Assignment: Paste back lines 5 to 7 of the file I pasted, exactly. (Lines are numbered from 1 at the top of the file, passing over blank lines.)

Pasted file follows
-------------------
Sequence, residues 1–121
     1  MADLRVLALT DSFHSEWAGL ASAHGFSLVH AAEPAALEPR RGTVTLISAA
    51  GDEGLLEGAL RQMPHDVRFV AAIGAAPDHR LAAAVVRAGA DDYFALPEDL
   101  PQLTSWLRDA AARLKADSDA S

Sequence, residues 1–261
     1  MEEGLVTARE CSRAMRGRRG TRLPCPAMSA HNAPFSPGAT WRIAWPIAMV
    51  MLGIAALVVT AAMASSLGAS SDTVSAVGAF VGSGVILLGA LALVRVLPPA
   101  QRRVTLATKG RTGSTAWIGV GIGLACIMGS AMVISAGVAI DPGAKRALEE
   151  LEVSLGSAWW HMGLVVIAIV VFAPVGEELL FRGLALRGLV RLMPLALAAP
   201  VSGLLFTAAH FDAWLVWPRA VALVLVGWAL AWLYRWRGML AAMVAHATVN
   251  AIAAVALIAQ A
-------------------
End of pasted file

Sequence, residues 1–261
     1  MEEGLVTARE CSRAMRGRRG TRLPCPAMSA HNAPFSPGAT WRIAWPIAMV
    51  MLGIAALVVT AAMASSLGAS SDTVSAVGAF VGSGVILLGA LALVRVLPPA